If Jesus wrote a letter to the American Church in 2015, what would He say? Maybe what the Church around the world is saying now.
We hear a lot about "the wrong side of history" these days — usually from those who want to convince us we're on it, and that everyone in the future will think like the New York Times editorial board. But if we want to understand where history is really headed, we've got to look at the big picture — the global picture.
President Obama — someone who's used the "right side of history" trope more than once — got a glimpse of that picture in July when he spoke in Nairobi. Addressing Kenya's strong cultural aversion to homosexuality, the President warned that "treating people differently" not because they're harming anyone but because they're "different," erodes freedoms and leads to "bad things." more >>
Pope Francis has urged every Catholic parish and religious community in Europe to take in at least one refugee family and help Europe with its migrant crisis, noting that the Vatican would take two families itself. With hundreds of thousands of refugees making their way toward Western Europe, countries such as Germany and Austria are said to be near the "tipping point" of how much they can help.
"May every parish, every religious community, every monastery, every sanctuary of Europe, take in one family" Francis told the crowds at St. Peter's Square on Sunday.
"Before the tragedy of tens of thousands of refugees fleeing death in conflict and hunger and are on a journey of hope, the Gospel calls us to be close to the smallest and to those who have been abandoned," he added, according to Vatican Radio. more >>
If I was back in elementary school, and they asked me to write a composition on "My Summer," I'd have one word on the paper. Amazing.
Because I spent it on Indian reservations with a team of 60 Native American young people. Who stood on rez basketball courts, pouring out their Hope Story of how Jesus has rescued them. I had a front row seat on God's awesomeness.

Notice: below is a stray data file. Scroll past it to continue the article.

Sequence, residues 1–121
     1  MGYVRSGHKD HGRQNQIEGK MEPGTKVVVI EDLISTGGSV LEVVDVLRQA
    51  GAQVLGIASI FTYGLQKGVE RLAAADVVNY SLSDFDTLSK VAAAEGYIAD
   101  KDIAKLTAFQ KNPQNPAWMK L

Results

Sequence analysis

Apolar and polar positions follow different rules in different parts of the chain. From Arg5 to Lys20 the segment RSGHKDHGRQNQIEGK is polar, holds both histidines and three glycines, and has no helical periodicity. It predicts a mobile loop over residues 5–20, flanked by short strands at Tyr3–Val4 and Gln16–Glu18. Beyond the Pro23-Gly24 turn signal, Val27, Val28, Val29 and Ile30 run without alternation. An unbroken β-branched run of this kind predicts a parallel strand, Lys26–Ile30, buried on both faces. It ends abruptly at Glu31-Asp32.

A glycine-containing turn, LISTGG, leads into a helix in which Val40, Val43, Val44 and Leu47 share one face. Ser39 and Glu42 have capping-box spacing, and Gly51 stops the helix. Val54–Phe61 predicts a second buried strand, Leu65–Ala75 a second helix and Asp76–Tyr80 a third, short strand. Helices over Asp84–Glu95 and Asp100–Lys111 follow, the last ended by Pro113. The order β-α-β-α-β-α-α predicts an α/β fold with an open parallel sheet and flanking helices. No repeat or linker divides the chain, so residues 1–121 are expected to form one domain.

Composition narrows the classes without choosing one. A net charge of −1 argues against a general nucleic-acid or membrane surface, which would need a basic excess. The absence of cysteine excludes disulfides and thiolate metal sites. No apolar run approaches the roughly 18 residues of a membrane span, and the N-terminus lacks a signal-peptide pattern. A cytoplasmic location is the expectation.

And then there was the moose. more >>
An Israeli rabbi who recently authored a book on charity has argued that the Bible actually calls on people to give 20 percent in charity rather than a 10 percent tithe.
Shneor Cohen, a 27-year-old ordained rabbi, has argued that a commonly cited justification for giving 10 percent may actually be 20 percent.
"Cohen, an ordained rabbi, said that the sages of the Talmud pointed to Deuteronomy 14:22, which states: 'Be sure to set aside a tenth of all that your fields produce each year.' The verse is often cited as the biblical basis for tithing one's income," reported The Blaze. more >>
A strong majority of American Catholics support raising children in non-traditional families, such as single-parent and divorced households, or by same-sex parents, according to a survey conducted by the Pew Research Center for Religion & Public Life.
"Nine-in-10 U.S. Catholics say a household headed by a married mother and father is an ideal situation for bringing up children. But the survey shows that large majorities think other kinds of families — those headed by parents who are single, divorced, unmarried or gay — are OK for raising children, too," noted Pew in an analysis released on Wednesday, ahead Pope Francis' first U.S. visit later this month in which he'll encounter a national Catholic population largely supportive of family units not advanced or encouraged by Church teaching.
"This may be in part because Francis' American flock is experiencing life in all its modern complexity. According to the survey, one-in-four Catholics have gone through a divorce. One-in-10 have not only divorced but also remarried. One-in-10 are living with a romantic partner, sans wedding, and more than four-in-10 have done so at some point in their lives." more >>
British scholars from the University of Oxford have said that fragments from the oldest discovered Quran appear to predate the founding of Islam by the Muslim prophet Muhammad, which could put into dispute some of the most central tenets of the religion.
"This gives more ground to what have been peripheral views of the Quran's genesis, like that Muhammad and his early followers used a text that was already in existence and shaped it to fit their own political and theological agenda, rather than Muhammad receiving a revelation from heaven," Keith Small of Oxford's Bodleian Library told the Times of London.
Some of the world's oldest fragments of the Quran were discovered back in July at the University of Birmingham, with radiocarbon dating projecting the manuscript to be at least 1,370 years old. more >>